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Vegetables. Haven't gotten a huge yield yet, but things are trickling in and there's plenty of small green things that have yet to mature/ripen.
 

Kevinlangford

Member
Aug 22, 2023
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I'm always so jelly when you post your fruit pics. lol They always look wonderful and it is obvious you know what you are doing. Which makes me even more jelly. haha :D

We harvested some cherries today but honestly it has been a pretty pitiful harvest so far. We had a warm early spring followed by a late cold snap and of course it froze most of the blossoms.....sigh....maybe next year.:(

View attachment 81922
Seeing cherries makes me want husk cherries. even if not the same!
bump!
 
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bbhaag

Diamond Member
Jul 2, 2011
6,677
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Seeing cherries makes me want husk cherries. even if not the same!
bump!
I had to google husk cherries as I've never heard of them before. Turns out they are very similar to a tomato. Almost like a cherry tomato in size but wrapped in a husk similar to a tomatillo.

Very cool and really interesting. I'm a plant geek and learning about new plants that I have never heard of is always fun!:)
 

[DHT]Osiris

Lifer
Dec 15, 2015
14,261
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Fun fact, we've grown more rose hips this year than actual tomatoes. Boo for shit weather/bugs.
 

Scarpozzi

Lifer
Jun 13, 2000
26,389
1,778
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Today was my last picking of half runners. I managed to get enough for a few meals. Here's an image after they were growing for 3-4 weeks since I didn't have an updated photo.

I also picked some Asian pears today off my tree and made pear butter. It turned out a little bit gritty, but I'm going to work it a little more and maybe hit it with the Vitamix.
 

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bbhaag

Diamond Member
Jul 2, 2011
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Did a late summer harvest last week. More of the usual stuff like tomatoes and peppers but with a few nice surprises thrown in. Some watermelon and cantaloupe were ripe enough to harvest. We also managed to harvest some kidney beans and some sunflower heads were ready as well.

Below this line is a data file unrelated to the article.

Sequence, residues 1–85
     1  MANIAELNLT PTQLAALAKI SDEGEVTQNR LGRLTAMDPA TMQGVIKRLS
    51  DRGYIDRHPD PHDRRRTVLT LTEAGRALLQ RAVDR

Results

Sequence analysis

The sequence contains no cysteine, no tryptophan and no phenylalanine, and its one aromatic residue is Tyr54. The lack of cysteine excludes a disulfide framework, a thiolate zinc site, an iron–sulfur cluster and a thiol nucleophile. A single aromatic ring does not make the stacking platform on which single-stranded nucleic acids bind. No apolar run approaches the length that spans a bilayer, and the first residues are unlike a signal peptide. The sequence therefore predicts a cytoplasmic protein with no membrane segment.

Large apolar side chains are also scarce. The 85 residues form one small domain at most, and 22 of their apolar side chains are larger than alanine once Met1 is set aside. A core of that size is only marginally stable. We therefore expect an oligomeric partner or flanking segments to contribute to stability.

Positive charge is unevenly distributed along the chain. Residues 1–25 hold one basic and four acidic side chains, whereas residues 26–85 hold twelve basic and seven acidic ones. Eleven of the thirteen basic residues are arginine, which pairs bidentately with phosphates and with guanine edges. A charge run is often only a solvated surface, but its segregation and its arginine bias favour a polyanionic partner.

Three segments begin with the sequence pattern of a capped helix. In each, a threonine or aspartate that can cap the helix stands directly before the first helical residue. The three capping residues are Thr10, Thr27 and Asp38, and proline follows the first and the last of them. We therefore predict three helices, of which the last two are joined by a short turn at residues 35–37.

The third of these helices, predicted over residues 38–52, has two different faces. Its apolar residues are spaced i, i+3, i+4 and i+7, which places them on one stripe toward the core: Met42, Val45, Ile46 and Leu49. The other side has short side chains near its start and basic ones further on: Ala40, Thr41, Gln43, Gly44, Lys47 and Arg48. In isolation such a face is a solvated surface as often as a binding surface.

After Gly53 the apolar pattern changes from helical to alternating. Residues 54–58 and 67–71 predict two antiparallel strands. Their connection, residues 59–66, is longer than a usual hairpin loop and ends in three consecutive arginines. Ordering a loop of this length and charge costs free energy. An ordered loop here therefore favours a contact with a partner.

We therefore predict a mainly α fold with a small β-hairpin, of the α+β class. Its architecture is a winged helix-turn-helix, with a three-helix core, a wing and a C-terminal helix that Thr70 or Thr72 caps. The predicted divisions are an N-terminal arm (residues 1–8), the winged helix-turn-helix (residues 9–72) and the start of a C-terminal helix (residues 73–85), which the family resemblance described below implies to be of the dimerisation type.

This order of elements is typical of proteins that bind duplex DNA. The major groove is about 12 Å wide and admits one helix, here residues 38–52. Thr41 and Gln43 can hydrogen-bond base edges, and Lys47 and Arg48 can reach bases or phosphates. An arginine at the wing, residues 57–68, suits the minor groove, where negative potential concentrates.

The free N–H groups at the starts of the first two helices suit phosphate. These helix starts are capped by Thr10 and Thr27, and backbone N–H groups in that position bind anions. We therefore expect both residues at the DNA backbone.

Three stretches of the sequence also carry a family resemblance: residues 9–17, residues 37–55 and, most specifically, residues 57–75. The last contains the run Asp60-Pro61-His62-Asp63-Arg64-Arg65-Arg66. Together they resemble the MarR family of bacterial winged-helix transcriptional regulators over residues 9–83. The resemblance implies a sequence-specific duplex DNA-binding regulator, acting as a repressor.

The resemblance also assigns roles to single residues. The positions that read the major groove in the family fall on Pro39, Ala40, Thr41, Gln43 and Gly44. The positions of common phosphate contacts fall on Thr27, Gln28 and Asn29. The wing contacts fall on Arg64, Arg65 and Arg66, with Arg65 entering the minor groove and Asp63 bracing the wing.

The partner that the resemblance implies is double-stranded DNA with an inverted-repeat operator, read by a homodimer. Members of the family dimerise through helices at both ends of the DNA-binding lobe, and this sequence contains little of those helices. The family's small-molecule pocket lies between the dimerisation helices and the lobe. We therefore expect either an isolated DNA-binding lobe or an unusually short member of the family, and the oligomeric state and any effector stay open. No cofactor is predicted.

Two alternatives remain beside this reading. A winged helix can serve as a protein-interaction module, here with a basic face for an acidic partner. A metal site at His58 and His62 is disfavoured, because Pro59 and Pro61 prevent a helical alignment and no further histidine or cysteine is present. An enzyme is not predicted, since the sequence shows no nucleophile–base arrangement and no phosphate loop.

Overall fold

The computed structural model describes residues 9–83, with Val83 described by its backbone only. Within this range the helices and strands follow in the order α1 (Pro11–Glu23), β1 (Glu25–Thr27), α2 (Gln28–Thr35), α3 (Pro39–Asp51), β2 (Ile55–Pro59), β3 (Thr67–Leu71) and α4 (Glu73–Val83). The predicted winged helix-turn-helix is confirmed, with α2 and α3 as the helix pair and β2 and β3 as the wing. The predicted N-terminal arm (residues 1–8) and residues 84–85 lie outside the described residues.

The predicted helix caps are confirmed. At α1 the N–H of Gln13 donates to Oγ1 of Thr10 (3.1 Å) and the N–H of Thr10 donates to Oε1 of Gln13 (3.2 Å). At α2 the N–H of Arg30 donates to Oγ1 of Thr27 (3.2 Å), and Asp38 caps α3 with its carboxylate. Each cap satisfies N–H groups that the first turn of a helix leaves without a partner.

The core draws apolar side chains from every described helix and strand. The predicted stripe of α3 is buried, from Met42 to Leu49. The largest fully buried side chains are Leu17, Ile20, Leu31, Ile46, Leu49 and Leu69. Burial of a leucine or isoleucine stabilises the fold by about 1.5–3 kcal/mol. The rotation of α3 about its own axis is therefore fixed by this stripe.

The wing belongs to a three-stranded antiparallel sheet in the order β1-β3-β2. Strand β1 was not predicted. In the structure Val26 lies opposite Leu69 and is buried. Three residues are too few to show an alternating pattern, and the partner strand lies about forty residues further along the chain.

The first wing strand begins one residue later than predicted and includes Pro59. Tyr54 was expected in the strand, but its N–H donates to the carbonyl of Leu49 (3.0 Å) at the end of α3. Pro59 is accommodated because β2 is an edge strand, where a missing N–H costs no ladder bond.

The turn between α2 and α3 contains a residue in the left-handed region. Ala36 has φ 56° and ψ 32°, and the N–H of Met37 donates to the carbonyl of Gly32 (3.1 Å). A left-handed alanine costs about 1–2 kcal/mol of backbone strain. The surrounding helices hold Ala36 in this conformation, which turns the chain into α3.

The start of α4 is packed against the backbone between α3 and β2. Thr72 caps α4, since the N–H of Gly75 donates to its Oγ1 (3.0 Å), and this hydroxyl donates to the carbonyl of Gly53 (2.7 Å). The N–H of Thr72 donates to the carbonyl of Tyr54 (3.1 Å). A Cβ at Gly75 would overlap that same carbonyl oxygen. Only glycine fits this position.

PXL_20230831_163212635.jpg
 
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highland145

Lifer
Oct 12, 2009
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Question...I shred a bunch of paper that's come off a laser printer, black toner. I hate tossing it but don't know if it's safe to toss in the compost. The toner is made from plastic and I'm thinking I don't want it in the mix. Thoughts?
 

bbhaag

Diamond Member
Jul 2, 2011
6,677
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Question...I shred a bunch of paper that's come off a laser printer, black toner. I hate tossing it but don't know if it's safe to toss in the compost. The toner is made from plastic and I'm thinking I don't want it in the mix. Thoughts?
I wouldn't but I'm kind of a stickler on what goes into our garden. Even if it was composted I'd have this nagging thought in the back of my brain about how safe it is. That being said a lot of the produce we buy at the grocery store comes from all over the world were the restrictions are a lot more lax than here in the US.

Anyway, just a heads up for all you gardeners. It's time to buy your seed! I've got a cart full from Harris, Burpee, and Baker Creek.

I cannot wait to get the garden going this year!
 
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Muse

Lifer
Jul 11, 2001
37,649
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I wouldn't but I'm kind of a stickler on what goes into our garden. Even if it was composted I'd have this nagging thought in the back of my brain about how safe it is. That being said a lot of the produce we buy at the grocery store comes from all over the world were the restrictions are a lot more lax than here in the US.

Anyway, just a heads up for all you gardeners. It's time to buy your seed! I've got a cart full from Harris, Burpee, and Baker Creek.

I cannot wait to get the garden going this year!
I have a lot of seed. They're usually good for years. Cherry and Early Girl tomatoes, slow bolt cilantro. I guess I could try peppers but I've not yet had what I'd consider good luck growing peppers here, I think they require more consistent heat than I get. Kabochas totally rock here. I just use seeds from past harvests. They aren't pure, who knows what they were pollinated with and my harvests have a lot of variety in what they look like, it's an adventure. I'm trying to grow onions but having trouble. Anyway, onions I grow I figure are going to be basically equivalent to what's in the local stores, so why bother? I do like fresh peppers from the garden, they really are superior to what I get in the stores. Crunchier, keep better, tastier.